The Garden’s Out

The comment which Ian of mud4fun made here reminded me that I should update this.

There isn’t much to say.  The tomatoes were late and came all at once.  The commercial growers were in the same boat.  It was just at the end of the season that the price dropped from $18 for a half bushel to $12.  We’ll plant Romas again; but I am not sure about Bonny Best.

The onions did nothing.  Had they been grown from seed, they would have been Spring onions in the Fall.  As they were grown from sets, they were pathetic little onions for size, but quite tear inducing on the chopping board.

The leeks had long white stems; but they weren’t very thick.  The trenching method works well.  They just didn’t get the length of season to grow.

The herbs had a very slow beginning and then bolted when the heat came.

It wasn’t our most successful year.  However, most of the folks to whom we talked said the same.  When it comes to gardening, boasting divides and moaning unites.

About Tweed and Briar

I am the pastor of a rather conservative rural congregation. My interests alongside of work are hunting, fly fishing, cooking, and life in an agricultural community. By way of family, I have a wife and two children: a daughter and a son. I am of indeterminate age because my wife is a bit younger than I am and my son is ages with some of my friends’ grandchildren. However, to say that I slip smoothly among the generations would imply an agility which I no longer possess. I aspire to the genteel poverty of the country manse.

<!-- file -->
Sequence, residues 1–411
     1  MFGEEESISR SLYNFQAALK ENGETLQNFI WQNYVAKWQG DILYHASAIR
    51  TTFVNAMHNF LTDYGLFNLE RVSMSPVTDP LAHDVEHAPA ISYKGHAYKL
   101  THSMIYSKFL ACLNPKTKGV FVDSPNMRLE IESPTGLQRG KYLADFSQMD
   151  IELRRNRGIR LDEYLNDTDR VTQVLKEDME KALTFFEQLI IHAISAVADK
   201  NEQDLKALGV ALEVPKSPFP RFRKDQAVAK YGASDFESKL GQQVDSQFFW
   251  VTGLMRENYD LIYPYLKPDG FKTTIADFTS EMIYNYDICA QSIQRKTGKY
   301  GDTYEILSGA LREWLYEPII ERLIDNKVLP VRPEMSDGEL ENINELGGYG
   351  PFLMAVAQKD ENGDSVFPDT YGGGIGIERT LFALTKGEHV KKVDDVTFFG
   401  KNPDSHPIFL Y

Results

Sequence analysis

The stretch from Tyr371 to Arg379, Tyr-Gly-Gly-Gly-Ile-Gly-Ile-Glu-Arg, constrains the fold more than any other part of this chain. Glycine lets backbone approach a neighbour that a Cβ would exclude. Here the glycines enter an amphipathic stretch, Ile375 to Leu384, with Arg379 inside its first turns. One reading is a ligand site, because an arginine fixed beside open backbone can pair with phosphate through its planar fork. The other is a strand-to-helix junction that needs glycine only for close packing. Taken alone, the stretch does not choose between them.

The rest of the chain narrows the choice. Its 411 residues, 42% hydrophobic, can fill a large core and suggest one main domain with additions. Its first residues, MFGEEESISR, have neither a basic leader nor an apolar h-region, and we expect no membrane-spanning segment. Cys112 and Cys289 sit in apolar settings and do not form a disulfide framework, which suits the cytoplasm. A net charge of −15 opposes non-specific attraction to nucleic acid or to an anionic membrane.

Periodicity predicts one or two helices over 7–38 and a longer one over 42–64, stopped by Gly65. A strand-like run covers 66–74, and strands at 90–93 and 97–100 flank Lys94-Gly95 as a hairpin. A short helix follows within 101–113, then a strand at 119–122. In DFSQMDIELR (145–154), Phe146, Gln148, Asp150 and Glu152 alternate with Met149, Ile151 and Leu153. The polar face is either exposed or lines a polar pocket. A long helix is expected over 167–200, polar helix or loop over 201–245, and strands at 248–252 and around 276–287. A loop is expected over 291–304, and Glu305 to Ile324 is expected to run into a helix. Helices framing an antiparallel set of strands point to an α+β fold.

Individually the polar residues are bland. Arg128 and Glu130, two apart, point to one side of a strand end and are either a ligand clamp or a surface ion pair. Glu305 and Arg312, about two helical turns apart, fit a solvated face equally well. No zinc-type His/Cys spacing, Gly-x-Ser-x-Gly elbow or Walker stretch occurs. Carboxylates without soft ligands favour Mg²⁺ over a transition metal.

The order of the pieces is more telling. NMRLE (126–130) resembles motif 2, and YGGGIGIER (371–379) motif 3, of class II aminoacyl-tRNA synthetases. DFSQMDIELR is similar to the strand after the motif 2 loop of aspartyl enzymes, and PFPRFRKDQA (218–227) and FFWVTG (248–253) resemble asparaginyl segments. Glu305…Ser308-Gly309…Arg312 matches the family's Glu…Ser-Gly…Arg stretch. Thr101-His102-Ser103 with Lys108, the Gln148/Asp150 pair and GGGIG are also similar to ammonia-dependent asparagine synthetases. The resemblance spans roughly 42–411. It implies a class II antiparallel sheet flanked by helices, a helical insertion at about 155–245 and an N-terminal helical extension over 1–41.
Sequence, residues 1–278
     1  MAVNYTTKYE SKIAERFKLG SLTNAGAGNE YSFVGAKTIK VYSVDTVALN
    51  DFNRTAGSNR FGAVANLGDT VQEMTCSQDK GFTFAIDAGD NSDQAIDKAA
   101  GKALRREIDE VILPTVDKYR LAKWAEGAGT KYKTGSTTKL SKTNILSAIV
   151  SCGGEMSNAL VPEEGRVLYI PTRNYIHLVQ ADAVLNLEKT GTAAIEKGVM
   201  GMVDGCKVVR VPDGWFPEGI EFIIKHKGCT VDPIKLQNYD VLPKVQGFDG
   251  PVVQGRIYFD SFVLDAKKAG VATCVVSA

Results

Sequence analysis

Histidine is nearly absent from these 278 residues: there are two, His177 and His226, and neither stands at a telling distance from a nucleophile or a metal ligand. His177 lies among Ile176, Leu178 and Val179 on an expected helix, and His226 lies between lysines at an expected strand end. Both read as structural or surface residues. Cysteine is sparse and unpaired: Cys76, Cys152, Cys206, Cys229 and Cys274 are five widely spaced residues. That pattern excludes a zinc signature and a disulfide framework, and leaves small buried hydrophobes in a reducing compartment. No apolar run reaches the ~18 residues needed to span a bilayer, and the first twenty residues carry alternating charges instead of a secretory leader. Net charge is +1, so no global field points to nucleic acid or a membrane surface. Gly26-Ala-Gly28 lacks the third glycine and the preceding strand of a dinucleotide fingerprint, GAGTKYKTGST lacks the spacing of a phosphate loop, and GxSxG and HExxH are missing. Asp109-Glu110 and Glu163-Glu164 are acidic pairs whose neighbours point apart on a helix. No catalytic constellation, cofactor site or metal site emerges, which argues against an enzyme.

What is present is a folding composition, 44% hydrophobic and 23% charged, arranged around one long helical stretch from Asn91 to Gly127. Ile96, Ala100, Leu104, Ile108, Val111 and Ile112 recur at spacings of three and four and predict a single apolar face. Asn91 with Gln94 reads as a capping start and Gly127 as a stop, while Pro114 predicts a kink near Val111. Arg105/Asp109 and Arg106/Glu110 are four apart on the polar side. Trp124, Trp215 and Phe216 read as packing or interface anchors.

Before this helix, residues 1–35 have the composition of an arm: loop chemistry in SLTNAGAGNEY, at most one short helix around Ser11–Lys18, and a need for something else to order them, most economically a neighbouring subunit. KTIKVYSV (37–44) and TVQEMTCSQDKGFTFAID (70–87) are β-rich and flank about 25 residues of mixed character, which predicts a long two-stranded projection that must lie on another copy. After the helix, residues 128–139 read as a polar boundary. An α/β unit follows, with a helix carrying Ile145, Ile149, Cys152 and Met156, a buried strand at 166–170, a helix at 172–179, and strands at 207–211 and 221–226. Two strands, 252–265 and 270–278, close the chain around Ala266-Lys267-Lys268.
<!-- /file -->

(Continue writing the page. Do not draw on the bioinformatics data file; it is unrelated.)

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3 Responses to The Garden’s Out

  1. Romas and beans? As perhaps the garden needs a bit of a refresh?

  2. mud4fun says:

    Wow, it sounds like you have suffered exaclty the same as us. It has been an odd year here for weather, we had frosts and even snow as late as May meaning that seedlings didn’t go out till late, then we had a drought all summer with some of the highest temperatures we’ve ever seen (+32c up here on the North East coast of England!) and then since the start of October we’ve had gales and torrential rain which has meant that the crops that were just starting to ripen such as chillies have now blighted AARGGGHHH. Even the pumpkin and squash crops have failed so we’ve had to buy in pumpkins for Halloween and we don’t really have any squash for roast dinners through winter. 😦

    Fingers crossed, hopefully next year will be better 🙂

  3. From what the Aged Parent in the Old Country was saying, the UK’s weather was about a week behind ours. You were getting what we’d just had.

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